- Chronic stress. Unhealthy relationships can become a source of chronic stress. A 2003 study published in the Physiology and Behavior Journal showed that unhappily married couples are worse off in terms of general health than their unmarried counterparts. Likewise, a 2005 study showed that this stress can spill over into the rest of your life, including your career. The researchers measured the cortisol levels and blood pressure of 105 middle-aged people of both sexes and found that those dealing with marital strain had higher levels of cortisol in the morning and higher blood pressure in the middle of the workday. If your relationship is causing you chronic stress, the best way to address it is as a couple. Of course, to engage in a productive conversation, you may first need to take a break and practice self-care. You can turn to natural stress-relief options such as the ones from OrganicCBDNugs.com, rely on family and friends for an objective perspective and comforting words, or consult a psychotherapist. Even if your partner is not open to the idea of couple’s counselling, you can still benefit from going to a few sessions by yourself.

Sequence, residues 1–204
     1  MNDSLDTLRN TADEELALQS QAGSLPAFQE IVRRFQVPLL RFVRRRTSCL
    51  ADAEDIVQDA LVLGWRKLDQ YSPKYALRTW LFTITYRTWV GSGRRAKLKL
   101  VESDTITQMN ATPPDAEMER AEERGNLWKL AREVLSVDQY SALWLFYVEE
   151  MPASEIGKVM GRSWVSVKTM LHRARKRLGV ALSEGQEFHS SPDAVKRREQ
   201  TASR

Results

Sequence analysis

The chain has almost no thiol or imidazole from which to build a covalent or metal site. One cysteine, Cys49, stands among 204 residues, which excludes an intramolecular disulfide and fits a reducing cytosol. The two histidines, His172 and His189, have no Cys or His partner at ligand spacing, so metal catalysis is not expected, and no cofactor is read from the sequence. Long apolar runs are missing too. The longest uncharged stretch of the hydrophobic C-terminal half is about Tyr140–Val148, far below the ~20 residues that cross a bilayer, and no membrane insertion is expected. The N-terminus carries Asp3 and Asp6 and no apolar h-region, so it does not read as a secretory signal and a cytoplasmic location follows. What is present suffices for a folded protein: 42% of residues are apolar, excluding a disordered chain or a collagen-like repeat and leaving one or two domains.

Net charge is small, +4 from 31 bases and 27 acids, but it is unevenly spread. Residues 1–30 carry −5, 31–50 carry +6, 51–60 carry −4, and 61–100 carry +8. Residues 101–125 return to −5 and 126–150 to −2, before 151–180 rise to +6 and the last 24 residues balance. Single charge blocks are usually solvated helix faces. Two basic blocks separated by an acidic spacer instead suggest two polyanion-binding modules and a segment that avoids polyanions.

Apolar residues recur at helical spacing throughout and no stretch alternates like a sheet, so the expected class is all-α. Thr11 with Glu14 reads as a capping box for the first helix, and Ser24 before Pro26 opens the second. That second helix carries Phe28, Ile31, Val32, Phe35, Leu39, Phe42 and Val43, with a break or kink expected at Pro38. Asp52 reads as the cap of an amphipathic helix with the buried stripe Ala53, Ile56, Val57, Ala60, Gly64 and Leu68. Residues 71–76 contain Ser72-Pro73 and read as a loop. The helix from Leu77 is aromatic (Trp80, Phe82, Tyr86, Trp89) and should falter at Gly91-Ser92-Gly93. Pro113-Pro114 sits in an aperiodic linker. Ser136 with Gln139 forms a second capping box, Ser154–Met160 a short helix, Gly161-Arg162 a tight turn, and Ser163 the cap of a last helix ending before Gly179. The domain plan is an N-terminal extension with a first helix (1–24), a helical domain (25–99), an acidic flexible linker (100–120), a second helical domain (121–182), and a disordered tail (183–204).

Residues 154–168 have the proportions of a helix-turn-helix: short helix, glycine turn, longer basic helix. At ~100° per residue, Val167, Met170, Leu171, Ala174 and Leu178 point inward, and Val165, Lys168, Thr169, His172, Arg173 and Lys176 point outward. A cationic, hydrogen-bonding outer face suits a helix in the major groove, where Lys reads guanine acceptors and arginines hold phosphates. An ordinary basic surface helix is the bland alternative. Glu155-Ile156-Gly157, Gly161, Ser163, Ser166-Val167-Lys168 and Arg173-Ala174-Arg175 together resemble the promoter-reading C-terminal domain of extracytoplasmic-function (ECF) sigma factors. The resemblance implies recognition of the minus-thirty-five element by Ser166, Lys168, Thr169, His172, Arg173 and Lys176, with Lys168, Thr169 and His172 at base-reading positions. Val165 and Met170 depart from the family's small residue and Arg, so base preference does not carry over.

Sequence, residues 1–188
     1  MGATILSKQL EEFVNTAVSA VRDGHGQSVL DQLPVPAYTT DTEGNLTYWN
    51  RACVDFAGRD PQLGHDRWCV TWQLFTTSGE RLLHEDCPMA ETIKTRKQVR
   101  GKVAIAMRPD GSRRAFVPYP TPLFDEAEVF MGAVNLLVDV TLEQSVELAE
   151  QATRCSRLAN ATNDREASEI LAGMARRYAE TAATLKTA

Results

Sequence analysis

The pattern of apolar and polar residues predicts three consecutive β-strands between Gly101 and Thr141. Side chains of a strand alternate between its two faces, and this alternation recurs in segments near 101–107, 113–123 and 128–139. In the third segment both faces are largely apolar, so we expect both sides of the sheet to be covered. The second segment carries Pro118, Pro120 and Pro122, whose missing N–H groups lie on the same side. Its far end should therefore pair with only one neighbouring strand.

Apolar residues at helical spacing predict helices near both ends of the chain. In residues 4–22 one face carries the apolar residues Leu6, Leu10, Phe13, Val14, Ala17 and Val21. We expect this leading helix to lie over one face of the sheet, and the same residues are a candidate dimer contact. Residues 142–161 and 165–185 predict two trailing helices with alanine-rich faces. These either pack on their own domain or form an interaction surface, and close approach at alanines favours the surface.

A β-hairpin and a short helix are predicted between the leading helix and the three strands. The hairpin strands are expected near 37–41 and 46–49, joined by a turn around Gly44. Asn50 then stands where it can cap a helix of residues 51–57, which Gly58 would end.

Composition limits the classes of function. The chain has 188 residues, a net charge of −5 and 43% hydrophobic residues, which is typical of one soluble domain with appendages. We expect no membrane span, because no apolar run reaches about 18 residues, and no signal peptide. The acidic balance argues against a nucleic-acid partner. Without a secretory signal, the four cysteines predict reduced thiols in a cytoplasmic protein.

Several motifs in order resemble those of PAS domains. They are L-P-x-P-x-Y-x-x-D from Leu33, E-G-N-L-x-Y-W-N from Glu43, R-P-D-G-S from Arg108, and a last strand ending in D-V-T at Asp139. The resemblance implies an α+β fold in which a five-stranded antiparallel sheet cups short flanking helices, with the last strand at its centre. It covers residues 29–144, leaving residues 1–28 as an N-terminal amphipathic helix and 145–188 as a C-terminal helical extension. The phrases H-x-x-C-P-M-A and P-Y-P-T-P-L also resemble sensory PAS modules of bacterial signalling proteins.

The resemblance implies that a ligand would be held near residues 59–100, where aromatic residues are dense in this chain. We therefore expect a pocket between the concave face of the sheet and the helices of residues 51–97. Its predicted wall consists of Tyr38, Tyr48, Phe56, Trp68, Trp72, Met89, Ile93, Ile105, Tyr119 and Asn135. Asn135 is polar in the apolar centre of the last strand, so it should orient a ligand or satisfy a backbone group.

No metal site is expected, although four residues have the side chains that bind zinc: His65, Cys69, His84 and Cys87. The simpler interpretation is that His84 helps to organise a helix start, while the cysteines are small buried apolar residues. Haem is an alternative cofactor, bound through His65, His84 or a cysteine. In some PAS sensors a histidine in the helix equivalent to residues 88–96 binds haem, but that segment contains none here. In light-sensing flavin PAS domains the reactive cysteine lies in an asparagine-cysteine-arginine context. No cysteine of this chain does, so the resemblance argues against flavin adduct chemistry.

- Increased risk of cardiovascular disease. As you might expect, high blood pressure and cortisol levels over an extended time will increase your chances of developing cardiovascular disease. A long-term study that examined more than 10,000 people for an average of 12 years showed that those in dysfunctional relationships had higher chances of developing heart problems. Another 2007 study monitored the health of 9,000 men and women and found that those who reported having “adverse” relationships had 34% higher risk of developing cardiovascular disease even when factoring for weight and social support.
- Mental Health. Chronic stress stemming from negative behaviors such as criticism and hostility in relationships has also been linked to poor mental health. A study showed that single people tend to have better mental health than those in turbulent relationships and other studies also showed that too many break-ups are worse than staying single.
Peter Wallace has been an advocate for mental health awareness for years. He holds a master’s degree in counselling from the University of Edinburgh.